During the first week of March 2012, my teammates Brian Hitney, Jim O’Neil, and I announced the re-launch of the @home with Windows Azure project. On March 15, we hosted a kick-off webcast providing an overview of the project.
This is the third in a series of five where we’ll dive into various aspects of Windows Azure. In this third webcast, we’ll dig deeper into Windows Azure Storage and how it was used by the @home with Windows Azure project. From the abstract page:
In the second webcast of this four-part series, the cloud gurus talk about the @home solution and how it leverages Windows Azure table storage. We examine how table storage differs from SQL Azure storage and why you might choose one over the other. Finally, since we’re looking at data storage, we also cover other storage options—BLOBs and queues.
If you can’t make this one, be sure to check out the rest in the series by watching the @home with Windows Azure website – we’ll be diving deeper into various features as the weeks progress. You can also watch the recordings of these webcasts as they become available on the site.
What is @home with Windows Azure?
Microsoft provides a 90-day free trial of Windows Azure where you can learn to kick the tires and run an application in the cloud 24×7 cost-free. The @home with Windows Azure project is an online activity where you use those 90-days of free compute time(or your MSDN Subscriber benefits) to contribute to Stanford University’s Folding@home distributed computing project.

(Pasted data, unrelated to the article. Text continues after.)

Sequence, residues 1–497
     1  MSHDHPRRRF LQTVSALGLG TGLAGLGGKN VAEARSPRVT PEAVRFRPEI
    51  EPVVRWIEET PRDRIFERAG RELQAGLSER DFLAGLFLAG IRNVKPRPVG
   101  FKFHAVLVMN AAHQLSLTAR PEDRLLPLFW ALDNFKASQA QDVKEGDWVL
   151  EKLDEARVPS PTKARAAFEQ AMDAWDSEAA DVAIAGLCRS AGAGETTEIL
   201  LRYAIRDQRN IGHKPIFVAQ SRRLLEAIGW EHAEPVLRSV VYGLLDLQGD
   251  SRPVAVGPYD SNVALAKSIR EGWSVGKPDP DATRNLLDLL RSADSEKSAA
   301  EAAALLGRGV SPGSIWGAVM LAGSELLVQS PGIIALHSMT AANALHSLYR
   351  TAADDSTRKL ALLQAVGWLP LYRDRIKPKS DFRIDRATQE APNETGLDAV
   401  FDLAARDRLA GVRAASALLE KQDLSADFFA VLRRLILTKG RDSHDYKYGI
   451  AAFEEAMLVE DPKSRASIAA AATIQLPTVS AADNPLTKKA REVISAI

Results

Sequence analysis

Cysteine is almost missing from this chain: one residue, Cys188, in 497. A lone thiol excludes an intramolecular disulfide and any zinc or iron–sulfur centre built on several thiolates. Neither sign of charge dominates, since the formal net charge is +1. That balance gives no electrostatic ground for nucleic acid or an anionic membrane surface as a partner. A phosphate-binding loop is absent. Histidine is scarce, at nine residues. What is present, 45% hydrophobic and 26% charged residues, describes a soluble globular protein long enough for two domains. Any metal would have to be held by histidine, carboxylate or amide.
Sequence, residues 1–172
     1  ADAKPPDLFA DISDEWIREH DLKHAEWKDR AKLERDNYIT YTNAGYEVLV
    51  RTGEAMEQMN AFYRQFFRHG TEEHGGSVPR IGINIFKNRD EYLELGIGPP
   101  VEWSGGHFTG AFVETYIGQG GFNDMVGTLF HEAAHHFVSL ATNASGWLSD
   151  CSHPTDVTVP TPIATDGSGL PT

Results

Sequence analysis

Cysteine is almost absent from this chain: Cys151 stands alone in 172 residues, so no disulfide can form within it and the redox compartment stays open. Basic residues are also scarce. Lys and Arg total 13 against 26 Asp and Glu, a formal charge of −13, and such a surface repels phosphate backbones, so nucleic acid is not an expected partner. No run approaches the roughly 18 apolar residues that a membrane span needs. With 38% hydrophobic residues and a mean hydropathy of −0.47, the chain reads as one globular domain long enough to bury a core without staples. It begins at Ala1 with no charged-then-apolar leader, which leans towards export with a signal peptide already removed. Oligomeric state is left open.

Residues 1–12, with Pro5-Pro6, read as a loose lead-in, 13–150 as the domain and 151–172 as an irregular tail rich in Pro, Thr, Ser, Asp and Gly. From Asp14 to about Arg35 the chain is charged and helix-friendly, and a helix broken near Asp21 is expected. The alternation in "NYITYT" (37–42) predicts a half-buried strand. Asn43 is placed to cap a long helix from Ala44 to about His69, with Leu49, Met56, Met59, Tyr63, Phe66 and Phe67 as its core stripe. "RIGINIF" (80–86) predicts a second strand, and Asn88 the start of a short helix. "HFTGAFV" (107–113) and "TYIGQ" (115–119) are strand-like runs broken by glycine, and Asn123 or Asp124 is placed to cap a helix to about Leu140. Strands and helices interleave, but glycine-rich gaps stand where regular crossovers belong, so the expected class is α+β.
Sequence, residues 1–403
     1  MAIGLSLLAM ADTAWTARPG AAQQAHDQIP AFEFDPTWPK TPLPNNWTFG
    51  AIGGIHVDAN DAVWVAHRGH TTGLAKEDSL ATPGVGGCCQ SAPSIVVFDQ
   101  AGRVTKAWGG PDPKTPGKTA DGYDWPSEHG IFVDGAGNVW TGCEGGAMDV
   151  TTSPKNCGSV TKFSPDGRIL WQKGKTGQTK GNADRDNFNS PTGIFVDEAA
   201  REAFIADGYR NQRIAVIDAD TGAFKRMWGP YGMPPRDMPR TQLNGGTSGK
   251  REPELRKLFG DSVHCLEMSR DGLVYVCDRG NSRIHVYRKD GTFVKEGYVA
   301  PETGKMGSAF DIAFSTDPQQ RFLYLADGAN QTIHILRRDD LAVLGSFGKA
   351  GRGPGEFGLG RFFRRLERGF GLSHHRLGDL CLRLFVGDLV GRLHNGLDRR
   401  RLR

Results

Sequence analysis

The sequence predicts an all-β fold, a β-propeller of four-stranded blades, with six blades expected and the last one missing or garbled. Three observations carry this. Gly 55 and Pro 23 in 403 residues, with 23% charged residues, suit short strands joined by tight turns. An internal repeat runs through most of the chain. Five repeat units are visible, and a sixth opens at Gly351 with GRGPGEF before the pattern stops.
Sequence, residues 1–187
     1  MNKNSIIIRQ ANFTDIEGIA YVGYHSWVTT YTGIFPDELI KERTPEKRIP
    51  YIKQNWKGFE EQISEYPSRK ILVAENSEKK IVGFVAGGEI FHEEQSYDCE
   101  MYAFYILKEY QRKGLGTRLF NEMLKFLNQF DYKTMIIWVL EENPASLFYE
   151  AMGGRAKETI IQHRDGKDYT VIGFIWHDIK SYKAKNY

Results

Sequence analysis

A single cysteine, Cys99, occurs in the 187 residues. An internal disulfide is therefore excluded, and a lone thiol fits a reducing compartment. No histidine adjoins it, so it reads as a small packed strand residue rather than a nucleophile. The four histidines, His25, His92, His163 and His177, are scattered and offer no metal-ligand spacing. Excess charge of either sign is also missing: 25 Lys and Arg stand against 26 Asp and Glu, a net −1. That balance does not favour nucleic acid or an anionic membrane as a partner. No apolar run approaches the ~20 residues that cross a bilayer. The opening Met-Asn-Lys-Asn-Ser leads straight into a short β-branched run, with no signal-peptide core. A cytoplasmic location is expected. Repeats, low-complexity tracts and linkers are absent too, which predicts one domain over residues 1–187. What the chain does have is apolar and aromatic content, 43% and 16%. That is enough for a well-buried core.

The Folding@home project helps scientists provide insight into the causes of diseases such as Alzheimer’s, Mad Cow disease, ALS, and some cancer-related syndromes, by running protein folding simulations on thousands of machines world wide,
You deploy Stanford’s Folding@home application to Windows Azure, where it will execute protein folding simulations in the cloud, thus contributing to the research effort. In essence, your participation is a donation of your free compute time to the Folding@home project!
Additionally, from the start of March 2012, Microsoft is donating $10 (up to a maximum of $5000) to Stanford’s Pande Lab for everyone that participates!
You can learn more about the project and sign up to view a series of web-casts we will be delivering over the next month at the project’s website:
Hope you will join Brian, Jim, and I tomorrow!